We also find that one, cancer care has a lot of hurdles, apart from proper CAT scans, biopsies, work-ups, actual interventions, there are a lot of steps that patients have to go, to get from even just getting a diagnosis to getting treatment and having patients move through that period of time, which is we hope usually four to six weeks in a sort of step-by-step manner can be extremely eliminating. So we really are trying to condense those things so patients can meet all the specialists, they need to get all the tests that they need to get in maybe one or two concise visits and then get into care, and lastly, as you mentioned, not having access to what we call multidisciplinary conferences is a limitation because there are more and more nuanced ways that lung cancer is presenting and being treated, that needs to be discussed between a surgeon and radiation oncologists and the medical oncologists, preferably all in the same setting, all at the same time. So having access to those clinics where we can have a really high-level discussion about the best thing to do for a patient, I feel is a significant barrier, especially for our patients with advanced disease 

How Can Prostate Cancer Patients and Providers Help Ensure Quality Care?

How Can Prostate Cancer Patients and Providers Help Ensure Quality Care? from Patient Empowerment Network on Vimeo.

How can prostate cancer patients and providers help ensure quality care? Host Dr. Nicole Rochester asks Dr. Petros Grivas to share insights about available patient resources and ways that providers can help extend improved prostate cancer diagnostics and treatments to patients for better care.

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How Can I Get the Best Prostate Cancer Care No Matter Where I Live?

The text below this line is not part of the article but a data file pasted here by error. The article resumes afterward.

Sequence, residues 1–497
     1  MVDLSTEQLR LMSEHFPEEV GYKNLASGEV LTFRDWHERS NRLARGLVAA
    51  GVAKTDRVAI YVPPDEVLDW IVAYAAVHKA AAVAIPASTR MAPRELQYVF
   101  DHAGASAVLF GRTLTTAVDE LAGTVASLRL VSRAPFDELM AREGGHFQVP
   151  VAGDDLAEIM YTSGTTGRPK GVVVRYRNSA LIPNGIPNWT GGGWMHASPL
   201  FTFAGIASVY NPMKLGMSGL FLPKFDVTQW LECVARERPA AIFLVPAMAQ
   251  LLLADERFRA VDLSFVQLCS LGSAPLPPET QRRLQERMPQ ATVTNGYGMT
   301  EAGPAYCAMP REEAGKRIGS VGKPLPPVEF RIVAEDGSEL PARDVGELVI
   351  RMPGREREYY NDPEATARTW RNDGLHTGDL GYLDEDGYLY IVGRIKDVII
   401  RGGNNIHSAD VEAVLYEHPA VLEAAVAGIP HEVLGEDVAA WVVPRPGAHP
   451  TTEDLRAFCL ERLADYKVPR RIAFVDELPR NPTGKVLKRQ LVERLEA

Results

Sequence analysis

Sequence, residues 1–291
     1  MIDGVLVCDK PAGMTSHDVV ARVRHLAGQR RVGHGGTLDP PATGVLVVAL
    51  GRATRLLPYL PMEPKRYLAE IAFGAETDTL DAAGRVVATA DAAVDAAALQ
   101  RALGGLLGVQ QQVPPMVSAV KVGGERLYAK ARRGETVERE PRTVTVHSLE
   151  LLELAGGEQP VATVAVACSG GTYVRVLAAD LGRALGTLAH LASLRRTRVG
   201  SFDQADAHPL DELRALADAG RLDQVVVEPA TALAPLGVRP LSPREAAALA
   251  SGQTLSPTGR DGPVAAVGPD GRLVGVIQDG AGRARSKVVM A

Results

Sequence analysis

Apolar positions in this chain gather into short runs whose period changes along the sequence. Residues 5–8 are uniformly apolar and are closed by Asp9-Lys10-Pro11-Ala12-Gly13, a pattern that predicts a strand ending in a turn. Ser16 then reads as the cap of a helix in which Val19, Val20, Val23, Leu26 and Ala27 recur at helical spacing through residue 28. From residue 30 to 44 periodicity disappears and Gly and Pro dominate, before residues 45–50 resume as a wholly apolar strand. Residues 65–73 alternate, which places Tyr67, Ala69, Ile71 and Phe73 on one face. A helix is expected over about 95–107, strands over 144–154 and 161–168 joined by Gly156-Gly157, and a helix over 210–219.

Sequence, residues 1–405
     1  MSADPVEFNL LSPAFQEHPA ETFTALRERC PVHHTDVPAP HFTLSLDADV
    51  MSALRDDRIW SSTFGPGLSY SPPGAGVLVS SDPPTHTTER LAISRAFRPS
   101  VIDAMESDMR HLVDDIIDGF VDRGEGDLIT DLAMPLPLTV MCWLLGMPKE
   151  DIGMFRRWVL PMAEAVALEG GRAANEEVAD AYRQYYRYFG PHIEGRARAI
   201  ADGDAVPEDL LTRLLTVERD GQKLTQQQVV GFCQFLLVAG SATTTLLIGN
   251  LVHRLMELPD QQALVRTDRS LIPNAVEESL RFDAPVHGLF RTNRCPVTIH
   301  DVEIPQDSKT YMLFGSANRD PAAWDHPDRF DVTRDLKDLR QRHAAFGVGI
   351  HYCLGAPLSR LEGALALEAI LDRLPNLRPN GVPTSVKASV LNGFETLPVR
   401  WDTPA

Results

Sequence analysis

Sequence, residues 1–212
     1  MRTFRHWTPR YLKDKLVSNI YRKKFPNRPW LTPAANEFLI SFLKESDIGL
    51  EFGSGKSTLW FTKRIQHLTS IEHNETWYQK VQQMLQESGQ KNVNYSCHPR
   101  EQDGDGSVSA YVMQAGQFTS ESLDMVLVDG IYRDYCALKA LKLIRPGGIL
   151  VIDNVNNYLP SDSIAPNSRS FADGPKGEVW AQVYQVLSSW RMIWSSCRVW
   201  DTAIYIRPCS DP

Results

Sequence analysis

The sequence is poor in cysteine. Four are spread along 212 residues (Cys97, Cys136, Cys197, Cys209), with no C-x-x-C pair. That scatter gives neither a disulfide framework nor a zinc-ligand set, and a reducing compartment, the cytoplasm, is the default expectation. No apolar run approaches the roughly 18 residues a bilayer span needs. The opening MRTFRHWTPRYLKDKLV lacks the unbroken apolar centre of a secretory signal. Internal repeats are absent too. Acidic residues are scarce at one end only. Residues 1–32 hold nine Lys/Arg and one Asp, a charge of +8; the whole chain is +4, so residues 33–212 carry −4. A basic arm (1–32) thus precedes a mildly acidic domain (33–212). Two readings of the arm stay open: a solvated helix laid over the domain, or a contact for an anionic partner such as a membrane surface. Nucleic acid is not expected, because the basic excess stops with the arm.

Transcript:

Dr. Nicole Rochester: 

So, Dr. Grivas, how can we ensure that a patient’s geographic location doesn’t dictate the quality of care that they receive? 

Dr. Grivas: 

A very important question for sure, and I think as you point it out, we have touched upon this before, but I think it is definitely much more to be said and done. More importantly, I think the location has to do with multiple differences in social constructs, right? The location of the distance from a cancer center with expertise is one thing at the time to get to the cancer center is related to that, and also the social support that the patient may have, if for example, a particular treatment, for example, a clinical trial, the requires a weekly visit to the cancer center, is that the feasible thing for the patient who lives miles and miles away in the rural areas of Oklahoma or somewhere else. Can we design clinical trials that are more friendly to these scenarios that require less frequent visits. Can we provide, if possible, funding for housing closer to the cancer center, and there are examples of cancer centers doing that. They provide temporary housing for the patient to be able to be close to the cancer center, so they don’t even worry about going back and forth across the state lines sometimes. 

The other thing, of course, is insurance coverage, and again, this can have some relation to location, and it’s something we have to think about, how can we help our patients who have significant co-pays because of the recommended insurance to that location being supported by foundation or all other funds that the cancer center or the state, or again, other foundations, we have. The other issues about diagnostics and treatments, there has been some interesting discussion about particularly prostate cancer, about access to what we call next generation sequencing, which is a diagnostic test aiming to profile or fingerprint the cancer DNA to look for particular mutations that the cancer may have that may lead to a particular treatment options.